I have to say that with such a title, and with this being at The Palace Theatre, Manchester, I rather expected it to be a play or documentary interspersed with examples of their music, rather than what I was presented with, a pop concert tribute act which played their music in chronological order.

Well actually it was a little more than just that. They did provide snippets of background information to some of the songs of this famous duo. It was minimal, but what they did say was interesting and informative and was amplified and exampled by the addition of a large projection screen behind them which throughout the whole evening was awash with images, newsreel footage and cinematic footage relevant to the song or the era, and showed many photos of them at the different stages of their career in studio or candid pictures. In fact for me, the screen became my point of focus and the most interesting thing, since without it, I would have been sitting through what would effectively have been a folk-rock concert.

I have done my research. I googled and youtubed away to find Simon and Garfunkel, and in particular the songs they performed, and what I found actually astounded me. Yes, they looked like the pair - that was obvious through the images projected on the screen behind - but they also sang and sounded like them too!

Until last night, there were only two Simon and Garfunkel songs which I remembered; or indeed might ever have known. Those being Scarborough Fair, which was given a truly lovely rendition in the first half; and the other, Bridge Over Troubled Water, which they didn't perform! Oh no, wait..... Yes they did... they did that clever thing whereby the concert finishes, they take their bows and walk off stage, and then come back on again to play a planned encore... and finally I got to hear what surely must be the most famous of all their songs, and finally it eased my mind!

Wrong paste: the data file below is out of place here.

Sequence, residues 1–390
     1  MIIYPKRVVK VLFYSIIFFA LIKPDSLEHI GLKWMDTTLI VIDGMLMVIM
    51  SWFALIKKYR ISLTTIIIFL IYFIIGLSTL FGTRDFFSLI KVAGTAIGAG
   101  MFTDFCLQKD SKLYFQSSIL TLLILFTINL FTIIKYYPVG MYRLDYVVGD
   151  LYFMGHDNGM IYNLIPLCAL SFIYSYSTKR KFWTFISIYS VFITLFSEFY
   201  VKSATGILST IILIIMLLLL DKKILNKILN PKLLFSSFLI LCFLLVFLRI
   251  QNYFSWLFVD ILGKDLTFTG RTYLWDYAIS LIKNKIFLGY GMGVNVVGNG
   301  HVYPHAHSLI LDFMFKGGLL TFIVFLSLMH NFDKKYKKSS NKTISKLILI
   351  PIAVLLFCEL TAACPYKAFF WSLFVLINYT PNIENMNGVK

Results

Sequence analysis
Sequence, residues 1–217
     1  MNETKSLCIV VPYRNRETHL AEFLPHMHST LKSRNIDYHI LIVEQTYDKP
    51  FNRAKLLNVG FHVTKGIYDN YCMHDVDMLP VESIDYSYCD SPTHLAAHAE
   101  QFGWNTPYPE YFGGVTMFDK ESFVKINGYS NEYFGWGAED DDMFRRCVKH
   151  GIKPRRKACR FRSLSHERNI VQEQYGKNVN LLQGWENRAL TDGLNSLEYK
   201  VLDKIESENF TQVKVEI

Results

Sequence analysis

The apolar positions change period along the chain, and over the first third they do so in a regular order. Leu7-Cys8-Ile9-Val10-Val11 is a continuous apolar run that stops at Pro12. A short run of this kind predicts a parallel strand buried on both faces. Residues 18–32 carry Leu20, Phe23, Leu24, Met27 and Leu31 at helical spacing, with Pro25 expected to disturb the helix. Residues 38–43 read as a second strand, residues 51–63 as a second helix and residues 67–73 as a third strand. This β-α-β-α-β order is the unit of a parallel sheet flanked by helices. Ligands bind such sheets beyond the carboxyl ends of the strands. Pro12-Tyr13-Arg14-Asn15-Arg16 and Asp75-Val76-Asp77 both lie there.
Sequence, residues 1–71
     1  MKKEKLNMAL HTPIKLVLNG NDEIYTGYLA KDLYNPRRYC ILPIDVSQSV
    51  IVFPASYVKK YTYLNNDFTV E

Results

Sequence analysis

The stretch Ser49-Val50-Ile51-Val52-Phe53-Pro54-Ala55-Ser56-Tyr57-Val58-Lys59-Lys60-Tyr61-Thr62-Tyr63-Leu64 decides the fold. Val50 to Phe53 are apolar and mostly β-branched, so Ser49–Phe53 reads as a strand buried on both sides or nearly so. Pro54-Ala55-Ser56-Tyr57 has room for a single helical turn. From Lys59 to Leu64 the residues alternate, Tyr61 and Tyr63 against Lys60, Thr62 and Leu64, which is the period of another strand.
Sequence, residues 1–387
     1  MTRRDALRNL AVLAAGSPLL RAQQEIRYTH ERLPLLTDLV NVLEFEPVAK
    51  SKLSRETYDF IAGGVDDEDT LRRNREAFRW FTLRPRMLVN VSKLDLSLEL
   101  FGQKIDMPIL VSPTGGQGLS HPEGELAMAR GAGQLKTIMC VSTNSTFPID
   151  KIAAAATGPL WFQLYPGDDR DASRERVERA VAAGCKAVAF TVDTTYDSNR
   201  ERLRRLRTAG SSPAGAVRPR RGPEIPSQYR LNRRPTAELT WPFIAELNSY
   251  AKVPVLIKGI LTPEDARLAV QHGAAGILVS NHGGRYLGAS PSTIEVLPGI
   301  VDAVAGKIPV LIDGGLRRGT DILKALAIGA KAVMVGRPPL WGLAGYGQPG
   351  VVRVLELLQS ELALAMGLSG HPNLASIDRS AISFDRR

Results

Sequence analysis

So, The Simon and Garfunkel Story starts you off with their humble beginnings in New York where they attended the same school and first performed together in a school production of 'Alice In Wonderland', and then formed a band together as Tom And Jerry at the tender age of 16 before reinventing themselves on the folk-rock scene under their real names, and becoming international sensations with their album Bridge Over Troubled Water being three years consecutively the biggest selling album not only of that year, but of all time! Sadly for the fans, it was also the reason for their split and going their separate ways. The fame and the workload taking its toll on their personal friendships and private lives. Both wanting to move in slightly different directions with their careers, they became solo artists in their own right.

For fans, then you really couldn't get a better tribute act! They crammed untold songs into the evening, each receiving huge applause from the near capacity audience last night. And for the less initiated like myself, then it is a superb way of getting to know the music and a little about the two men behind the music of one of history's more successful musical partnerships and certainly the most famous folk-rock duo to date.

Dean Elliott plays Paul Simon, and Joe Sterling, Art Garfunkel; and with seeming ease these two performers work so well together, bringing both the men and their music to life in a most unassuming and pleasing way. If you know their music, you'll love it, and if you don't, you cannot fail to be enthralled by this wonderful introduction to them. Once I got over my initial disappointment of not seeing a more theatrical presentation, I watched, listened and learned - and enjoyed!


Reviewer: Mark Dee

Reviewed: 13th January 2016